Some of the best horror movies are those that cover one particular part of the “event”. And, everything seems to be taking place in one setting. George Romero’s Night of the Living Dead, and more recently A Quiet Place, are the most iconic movies and only a few examples. There are so many more of these films that seem simple but are still terrifying. However, some films that attempt the event approach get bogged done by the narrow lens required to make the story work. The Beach House flirts dangerously with this form of failure. In the film, the details correct themselves by the time the peeks, thereby saving it.
What begins as Randall (played by Noah Le Gros) takes his girlfriend Emily (played by Liana Liberto) on a romantic getaway. They already seemed to be troubled. Their getaway ends up giving the audience a glimpse into the early stages of an alien invasion.
This Romance is Doomed
Randall and Emily end up at a gorgeous black house, right by the ocean for the weekend. When the real owner, Mitch, and Jane (played by Carl Weber and Maryanne Nagel) arrive, Emily quickly finds out that Randall lied about his parents owning the house. It seems that there may be some other shadiness about the family that we don’t find out because weirdness starts to happen later that night. The blue mist comes off the water and coats everything. The two couples think it’s beautiful, but we all know from the rules of horror movies that this is not good. However, both couples stay out to takes in the scenery.
The next day, Mitch and Jane are…weird.
Mitch walks blindly to the ocean, and Emily goes after him. He gives her an existential speech and then walks into the ocean. Mitch keeps on walking until you can’t see him. Emily runs after him but steps into a mushy mess. It’s oozing, jellied, and has claws. She screams and stumbles around just enough to show us the rest of the beach see other parts. These pink pouches with claws line the beach as far as the eye can see.
Then she finally screaming. A look at her foot shows why. Something is coiled into her flesh. That would be enough to make me die right there. Heart stopped from the shock of no longer having my body to myself. But no, this woman keeps going. Climbing a whole flight of beach stairs (which is a LOT at the end of a beach day, much less with an alien sea worm in your foot). She must later save herself and her boyfriend from this unknown danger. One that has turned everyone else into primitive white-eyed monsters.
The Birth of An Invasion
Like Night of the Living Dead, Beach House happens to people who have no clue that an event has started, and that they are among the first to experience it. The brilliant blue mist was actually something deadly that is invading the coast. The beach house and surrounding town are the first contacts. There’s no warning cared really no time to figure things out. Survival is the only thing that the characters have time for.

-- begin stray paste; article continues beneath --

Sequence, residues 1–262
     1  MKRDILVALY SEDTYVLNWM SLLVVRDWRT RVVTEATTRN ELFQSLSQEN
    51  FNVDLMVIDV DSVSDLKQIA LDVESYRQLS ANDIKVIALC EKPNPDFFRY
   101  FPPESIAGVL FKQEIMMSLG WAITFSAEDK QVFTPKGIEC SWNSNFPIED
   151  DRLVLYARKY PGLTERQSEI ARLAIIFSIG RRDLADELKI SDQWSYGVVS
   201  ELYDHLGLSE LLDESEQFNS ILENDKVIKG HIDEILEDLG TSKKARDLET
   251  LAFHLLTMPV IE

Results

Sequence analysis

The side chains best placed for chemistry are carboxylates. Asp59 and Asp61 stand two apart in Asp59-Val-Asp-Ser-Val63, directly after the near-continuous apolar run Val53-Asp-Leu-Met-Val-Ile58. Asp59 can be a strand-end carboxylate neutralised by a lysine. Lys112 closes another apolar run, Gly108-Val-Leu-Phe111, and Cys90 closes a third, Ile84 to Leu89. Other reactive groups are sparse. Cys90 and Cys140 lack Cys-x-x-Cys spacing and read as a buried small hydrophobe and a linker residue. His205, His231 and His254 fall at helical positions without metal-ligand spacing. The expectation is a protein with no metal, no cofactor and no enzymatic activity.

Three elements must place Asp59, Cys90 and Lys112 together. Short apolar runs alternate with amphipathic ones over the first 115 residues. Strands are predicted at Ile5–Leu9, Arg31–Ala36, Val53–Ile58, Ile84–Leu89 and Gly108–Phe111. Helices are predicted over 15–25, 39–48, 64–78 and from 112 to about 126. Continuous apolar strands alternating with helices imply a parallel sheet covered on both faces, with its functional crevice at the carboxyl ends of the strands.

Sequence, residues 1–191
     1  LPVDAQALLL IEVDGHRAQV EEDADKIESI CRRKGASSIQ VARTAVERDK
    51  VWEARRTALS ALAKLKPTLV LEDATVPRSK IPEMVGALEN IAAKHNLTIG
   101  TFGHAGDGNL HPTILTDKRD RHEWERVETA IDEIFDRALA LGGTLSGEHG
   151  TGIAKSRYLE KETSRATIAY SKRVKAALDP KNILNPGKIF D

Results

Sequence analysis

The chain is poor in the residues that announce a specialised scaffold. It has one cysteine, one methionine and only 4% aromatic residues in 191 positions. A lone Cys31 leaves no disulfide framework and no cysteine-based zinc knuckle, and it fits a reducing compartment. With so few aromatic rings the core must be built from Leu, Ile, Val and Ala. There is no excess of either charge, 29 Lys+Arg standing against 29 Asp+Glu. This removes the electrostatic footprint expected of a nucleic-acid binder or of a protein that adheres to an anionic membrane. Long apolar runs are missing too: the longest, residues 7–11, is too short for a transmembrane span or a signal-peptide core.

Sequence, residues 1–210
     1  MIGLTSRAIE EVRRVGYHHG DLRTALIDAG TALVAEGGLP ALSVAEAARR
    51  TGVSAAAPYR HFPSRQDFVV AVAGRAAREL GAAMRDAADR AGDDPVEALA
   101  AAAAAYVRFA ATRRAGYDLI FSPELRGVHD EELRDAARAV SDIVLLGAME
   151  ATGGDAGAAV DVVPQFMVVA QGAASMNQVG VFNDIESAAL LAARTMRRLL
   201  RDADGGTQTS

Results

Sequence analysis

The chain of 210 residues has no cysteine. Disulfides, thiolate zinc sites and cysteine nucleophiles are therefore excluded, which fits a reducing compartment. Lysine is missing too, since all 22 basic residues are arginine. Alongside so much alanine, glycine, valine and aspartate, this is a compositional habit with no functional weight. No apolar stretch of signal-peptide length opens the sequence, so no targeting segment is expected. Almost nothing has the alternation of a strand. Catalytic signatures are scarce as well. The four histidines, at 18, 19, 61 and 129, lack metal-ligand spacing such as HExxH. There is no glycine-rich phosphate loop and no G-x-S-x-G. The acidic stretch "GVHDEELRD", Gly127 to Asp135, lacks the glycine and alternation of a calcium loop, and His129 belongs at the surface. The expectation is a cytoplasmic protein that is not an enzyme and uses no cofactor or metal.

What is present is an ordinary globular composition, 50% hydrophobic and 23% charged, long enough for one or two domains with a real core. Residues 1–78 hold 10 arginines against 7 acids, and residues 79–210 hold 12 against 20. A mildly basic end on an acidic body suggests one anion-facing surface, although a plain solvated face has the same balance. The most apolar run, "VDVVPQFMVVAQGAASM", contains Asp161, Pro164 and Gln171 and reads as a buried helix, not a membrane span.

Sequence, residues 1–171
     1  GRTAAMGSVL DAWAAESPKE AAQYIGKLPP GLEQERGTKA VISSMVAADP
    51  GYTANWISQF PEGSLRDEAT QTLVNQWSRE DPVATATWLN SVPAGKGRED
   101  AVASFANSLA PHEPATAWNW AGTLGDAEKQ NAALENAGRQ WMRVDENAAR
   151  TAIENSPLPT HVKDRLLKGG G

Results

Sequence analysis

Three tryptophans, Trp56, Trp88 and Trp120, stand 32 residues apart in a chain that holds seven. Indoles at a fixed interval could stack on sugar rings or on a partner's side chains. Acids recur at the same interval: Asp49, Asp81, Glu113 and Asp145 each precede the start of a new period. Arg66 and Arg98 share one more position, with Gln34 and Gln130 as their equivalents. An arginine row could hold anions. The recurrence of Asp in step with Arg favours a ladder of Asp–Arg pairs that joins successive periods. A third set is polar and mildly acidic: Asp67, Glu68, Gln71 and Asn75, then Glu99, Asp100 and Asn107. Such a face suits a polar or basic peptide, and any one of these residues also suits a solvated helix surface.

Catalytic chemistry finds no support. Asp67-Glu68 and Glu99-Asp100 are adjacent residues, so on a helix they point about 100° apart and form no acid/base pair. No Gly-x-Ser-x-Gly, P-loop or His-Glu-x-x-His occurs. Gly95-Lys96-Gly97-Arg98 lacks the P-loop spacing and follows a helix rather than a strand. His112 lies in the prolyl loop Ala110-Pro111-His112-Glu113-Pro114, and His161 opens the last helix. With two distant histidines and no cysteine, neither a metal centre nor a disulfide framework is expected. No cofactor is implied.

Beach House also mimics a bit of the Cloverfield and A Quiet Place models that bring the lens so close in the invasion movie that the audience is only worried about the rules of survival for the characters as well. The who, what, where, and how of the invasion don’t matter. To pull this off, the story must be compelling and characters believable. Otherwise, the audience stays confused and seeking info that the film won’t provide.
The Beach House almost loses the audience to boredom in a few spots. Fortunately, it swerves at a pivotal moment, keeping the audience from drifting off into thoughts of things other than the film. We get too many details a mushy romance from the couple. Even the older couple added a little to the story before they are turned. The Beach House ends up serving the horror plot before the audience is ready to give in to the boredom.
I love how we get just enough uncanny details to know the invader is terrible without having to sacrifice the tight focus of the film. The jelly pouches of fleshed toned meat with claws in a shell formation are gross and the wormlike thing in Emily’s foot is nasty. It’s bad and otherworldy. As in Cloverfield, we see more of the human act of survival than the actual monster. This tactic is surprisingly successful, and it’s another piece that saves the film from its snoozer of an opening.
A Good Summer Scare
The Beach House is not a heavy film full of complex themes to comprehend. Maybe that’s why the opening setup feels thin. The tightness works for the rest of the film, however, helping to keep the lens on the survivors and their mission to get to safety. The viewer will be engaged at that point and enthralled through the end.
For new fans of horror, this may be a good introduction. The gore is minimal, the gross factor is low, and the jump scares are not too terrifying. It’s all enough scare without going too far. The anticipation and the unknown are the scariest parts.
You can catch The Beach House on Shudder, streaming now.
Rating 3.5 of 5
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